The Underwater Breathing Apparatus gives snorkelers more freedom to remain underwater without coming up for air.

Boone Chang and Richard Trejo

Two avid Tucson swimmers founded a new product that allows people to experience being underwater in a new way, and they plan to begin selling it online starting next month.

Boone Chang and Richard Trejo founded the Underwater Breathing Apparatus, or UBA, a snorkel-like device with technological advancements.

They plan to sell UBA online by mid-May for $50-$55 each, which is still subject to change.

Chang and Trejo, both mechanical engineers here, came up with the idea two years ago.

“We saw people using a snorkel and said ‘This can be better,’” Chang said.

UBA differs from a traditional snorkel in a few ways.

First, UBA has a longer tube that allows swimmers to go deeper while the tip of the device stays above the water’s surface. This gives “the freedom of movement in a deeper swim so you’re completely under the water and can avoid sunburn,” Trejo said.

The average snorkel is open at the top with a short tube forcing swimmers to stay close to the surface and at times hold the snorkel upright so water doesn’t splash in.

Second, while UBA has that long tube length for a deeper swim, it also has a pyramid-like floating device at the top with a valve that acts like a dolphin’s blowhole.

The “super dry valve” closes immediately before going underwater and opens back up immediately upon the valve resurfacing, so swimmers don’t have to come up from the water entirely.

“It’s kind of a neat experience when you’re under the water for several minutes at a time and you really don’t have to come up if you don’t feel like it,” Trejo said.

Third, the tube’s flexibility allows swimmers to move in any direction with a reliable air source at all times, “so little kids can use it a lot easier,” Trejo said.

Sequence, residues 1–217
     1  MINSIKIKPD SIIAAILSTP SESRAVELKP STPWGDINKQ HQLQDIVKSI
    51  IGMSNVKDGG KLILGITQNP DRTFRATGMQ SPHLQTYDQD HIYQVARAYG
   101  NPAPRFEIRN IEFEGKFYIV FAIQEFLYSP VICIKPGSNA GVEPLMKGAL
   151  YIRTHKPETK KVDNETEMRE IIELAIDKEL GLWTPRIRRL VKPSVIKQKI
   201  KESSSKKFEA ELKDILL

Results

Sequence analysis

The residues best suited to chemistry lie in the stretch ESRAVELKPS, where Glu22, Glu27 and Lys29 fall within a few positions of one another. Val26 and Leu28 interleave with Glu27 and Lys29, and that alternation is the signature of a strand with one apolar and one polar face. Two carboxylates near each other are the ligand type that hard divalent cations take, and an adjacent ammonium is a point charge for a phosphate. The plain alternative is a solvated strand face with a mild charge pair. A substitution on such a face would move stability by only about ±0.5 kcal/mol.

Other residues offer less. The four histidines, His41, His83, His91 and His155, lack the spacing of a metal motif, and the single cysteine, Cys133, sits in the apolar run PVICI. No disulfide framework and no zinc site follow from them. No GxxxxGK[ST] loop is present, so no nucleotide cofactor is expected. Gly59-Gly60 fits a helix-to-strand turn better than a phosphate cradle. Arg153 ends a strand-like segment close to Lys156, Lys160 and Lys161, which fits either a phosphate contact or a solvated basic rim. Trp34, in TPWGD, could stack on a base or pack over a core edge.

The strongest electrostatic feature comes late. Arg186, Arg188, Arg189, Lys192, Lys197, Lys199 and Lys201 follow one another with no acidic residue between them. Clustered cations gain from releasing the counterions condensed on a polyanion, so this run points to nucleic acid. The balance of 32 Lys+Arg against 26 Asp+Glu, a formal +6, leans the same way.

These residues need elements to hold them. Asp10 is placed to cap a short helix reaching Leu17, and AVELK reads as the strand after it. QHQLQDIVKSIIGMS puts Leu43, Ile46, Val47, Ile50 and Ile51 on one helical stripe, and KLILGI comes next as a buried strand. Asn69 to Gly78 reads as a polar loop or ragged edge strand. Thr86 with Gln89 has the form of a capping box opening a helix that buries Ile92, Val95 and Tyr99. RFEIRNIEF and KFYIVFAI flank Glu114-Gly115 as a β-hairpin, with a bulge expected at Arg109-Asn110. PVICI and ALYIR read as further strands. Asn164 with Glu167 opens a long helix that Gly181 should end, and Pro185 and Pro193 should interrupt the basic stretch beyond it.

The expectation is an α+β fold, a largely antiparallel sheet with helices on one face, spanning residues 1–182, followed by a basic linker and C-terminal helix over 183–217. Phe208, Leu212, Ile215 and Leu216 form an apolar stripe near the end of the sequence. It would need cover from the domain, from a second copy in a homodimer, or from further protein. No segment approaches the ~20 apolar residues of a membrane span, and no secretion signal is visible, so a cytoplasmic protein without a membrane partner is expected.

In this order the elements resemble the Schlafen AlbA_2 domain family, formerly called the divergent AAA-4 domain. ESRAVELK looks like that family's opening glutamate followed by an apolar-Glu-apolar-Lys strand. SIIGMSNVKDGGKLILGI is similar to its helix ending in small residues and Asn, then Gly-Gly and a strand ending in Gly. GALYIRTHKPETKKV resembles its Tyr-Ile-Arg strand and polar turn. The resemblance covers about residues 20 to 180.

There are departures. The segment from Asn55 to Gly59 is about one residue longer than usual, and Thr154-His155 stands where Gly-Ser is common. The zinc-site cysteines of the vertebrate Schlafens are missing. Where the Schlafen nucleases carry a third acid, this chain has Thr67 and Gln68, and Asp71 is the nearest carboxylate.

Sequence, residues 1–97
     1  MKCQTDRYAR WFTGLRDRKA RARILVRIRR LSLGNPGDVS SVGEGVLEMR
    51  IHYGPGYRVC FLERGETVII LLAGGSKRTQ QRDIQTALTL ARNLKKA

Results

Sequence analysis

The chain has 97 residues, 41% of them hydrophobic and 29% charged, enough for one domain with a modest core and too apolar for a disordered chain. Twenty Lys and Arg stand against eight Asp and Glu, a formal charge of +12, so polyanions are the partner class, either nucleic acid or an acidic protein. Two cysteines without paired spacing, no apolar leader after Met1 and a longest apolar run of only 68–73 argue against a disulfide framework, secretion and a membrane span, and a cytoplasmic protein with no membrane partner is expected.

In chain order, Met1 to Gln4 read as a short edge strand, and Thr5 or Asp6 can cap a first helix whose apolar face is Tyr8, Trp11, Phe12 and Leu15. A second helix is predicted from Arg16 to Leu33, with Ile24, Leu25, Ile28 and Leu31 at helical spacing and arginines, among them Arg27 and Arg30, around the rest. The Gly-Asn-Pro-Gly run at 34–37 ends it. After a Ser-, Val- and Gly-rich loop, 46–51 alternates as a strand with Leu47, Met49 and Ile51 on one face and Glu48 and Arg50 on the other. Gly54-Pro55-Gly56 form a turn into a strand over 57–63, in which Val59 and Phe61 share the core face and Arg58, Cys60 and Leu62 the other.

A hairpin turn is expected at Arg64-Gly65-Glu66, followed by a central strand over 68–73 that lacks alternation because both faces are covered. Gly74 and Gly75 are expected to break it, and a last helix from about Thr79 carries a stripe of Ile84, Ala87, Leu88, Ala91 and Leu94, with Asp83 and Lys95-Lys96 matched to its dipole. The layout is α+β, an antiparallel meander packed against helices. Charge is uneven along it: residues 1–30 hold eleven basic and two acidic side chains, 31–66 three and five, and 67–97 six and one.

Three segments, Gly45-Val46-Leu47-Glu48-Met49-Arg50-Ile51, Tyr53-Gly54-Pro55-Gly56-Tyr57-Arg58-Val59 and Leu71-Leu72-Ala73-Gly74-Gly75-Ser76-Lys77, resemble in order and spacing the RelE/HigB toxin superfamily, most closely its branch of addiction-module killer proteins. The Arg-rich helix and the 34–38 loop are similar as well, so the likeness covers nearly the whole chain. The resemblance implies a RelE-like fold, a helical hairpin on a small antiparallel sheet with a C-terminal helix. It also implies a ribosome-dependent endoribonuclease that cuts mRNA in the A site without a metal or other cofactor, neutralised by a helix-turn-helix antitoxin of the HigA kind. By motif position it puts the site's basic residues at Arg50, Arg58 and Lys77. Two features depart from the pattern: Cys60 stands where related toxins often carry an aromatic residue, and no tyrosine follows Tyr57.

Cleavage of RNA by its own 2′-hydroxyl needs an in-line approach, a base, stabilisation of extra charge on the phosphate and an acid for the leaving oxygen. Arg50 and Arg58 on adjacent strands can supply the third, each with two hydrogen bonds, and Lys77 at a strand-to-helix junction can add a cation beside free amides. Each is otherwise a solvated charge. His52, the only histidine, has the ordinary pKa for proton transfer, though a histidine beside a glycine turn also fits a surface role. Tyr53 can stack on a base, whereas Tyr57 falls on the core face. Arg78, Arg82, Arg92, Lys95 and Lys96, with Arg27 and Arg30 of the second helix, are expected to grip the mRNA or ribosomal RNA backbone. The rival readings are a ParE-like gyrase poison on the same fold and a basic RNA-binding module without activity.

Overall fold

Chang and Trejo emphasize what they see as the UBA’s overall advantage for users — being able to swim like a fish.

“We can imitate the breathing system of the dolphin,” Chang said. “The power for people to be able to swim like a fish, that’s very awesome.”

While Arizona may not be home to an ocean, ideal for actual snorkeling, UBA founders said this device is appealing to those just playing around in a pool, allowing them to do laps underwater, Boone said.

The company went through eight different prototypes over two years before UBA was ready for purchase.

“There was a lot of trial and error to make sure it worked the way we envisioned it to work,” Trejo said.

The materials, engineering and price point have now been honed, they said.

One investor has been on board with UBA and is now a member of the group of seven people who work on the side to help launch this product.

“He’s a scuba diver so he had some valuable input to some of the design,” Trejo said.

The group, who all work for free until the product is launched, came together through networking. Chang and Trejo needed to find people from all areas in business such as marketing, business management and design.

While UBA will only be available online, the founders said they will try to expand into stores when the time is right.

Bao Nguyen, a 22-year-old student at Pima Community College, was able to try out and own his own UBA before its release. He swims regularly and found UBA enhances the experience. “I didn’t have to come up for air that often,” he said.

Nguyen said that when using it for the first time, there was about a 30-second learning curve to figure out how to breathe with the device.

“I got the hang of it immediately and it just went really well,” Nguyen said.

Ashley Powell is a NASA Space Grant intern at the University of Arizona and the Star. Contact her at or 573-4674.